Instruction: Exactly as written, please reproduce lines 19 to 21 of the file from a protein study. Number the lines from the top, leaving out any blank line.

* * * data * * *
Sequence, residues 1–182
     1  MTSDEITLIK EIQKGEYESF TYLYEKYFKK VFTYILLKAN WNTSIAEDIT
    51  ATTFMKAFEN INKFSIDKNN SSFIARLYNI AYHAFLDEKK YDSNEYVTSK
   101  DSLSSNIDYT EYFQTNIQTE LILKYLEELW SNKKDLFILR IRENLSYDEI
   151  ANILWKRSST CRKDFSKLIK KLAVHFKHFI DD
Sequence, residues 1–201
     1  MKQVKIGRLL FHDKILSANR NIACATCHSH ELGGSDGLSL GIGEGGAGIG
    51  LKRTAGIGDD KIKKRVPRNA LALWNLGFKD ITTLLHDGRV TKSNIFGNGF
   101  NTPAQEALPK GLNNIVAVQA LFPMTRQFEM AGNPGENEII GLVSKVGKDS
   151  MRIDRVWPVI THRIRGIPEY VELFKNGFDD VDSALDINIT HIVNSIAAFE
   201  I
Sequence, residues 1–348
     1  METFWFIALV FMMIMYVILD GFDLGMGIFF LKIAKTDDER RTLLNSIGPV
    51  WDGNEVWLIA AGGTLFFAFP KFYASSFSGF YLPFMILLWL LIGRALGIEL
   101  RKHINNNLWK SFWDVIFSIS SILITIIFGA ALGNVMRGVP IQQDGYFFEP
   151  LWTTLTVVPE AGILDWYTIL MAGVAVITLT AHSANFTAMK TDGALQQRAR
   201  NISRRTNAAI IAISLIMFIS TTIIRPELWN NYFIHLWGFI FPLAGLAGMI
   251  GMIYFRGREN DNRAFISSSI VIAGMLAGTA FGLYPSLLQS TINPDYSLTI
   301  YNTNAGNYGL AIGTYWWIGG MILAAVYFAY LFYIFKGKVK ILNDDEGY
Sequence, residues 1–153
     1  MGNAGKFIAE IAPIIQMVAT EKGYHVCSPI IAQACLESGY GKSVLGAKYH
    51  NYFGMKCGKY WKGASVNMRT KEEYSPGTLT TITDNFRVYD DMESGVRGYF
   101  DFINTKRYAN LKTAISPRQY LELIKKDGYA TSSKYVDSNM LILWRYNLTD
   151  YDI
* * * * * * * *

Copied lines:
   301  YNTNAGNYGL AIGTYWWIGG MILAAVYFAY LFYIFKGKVK ILNDDEGY
Sequence, residues 1–153
     1  MGNAGKFIAE IAPIIQMVAT EKGYHVCSPI IAQACLESGY GKSVLGAKYH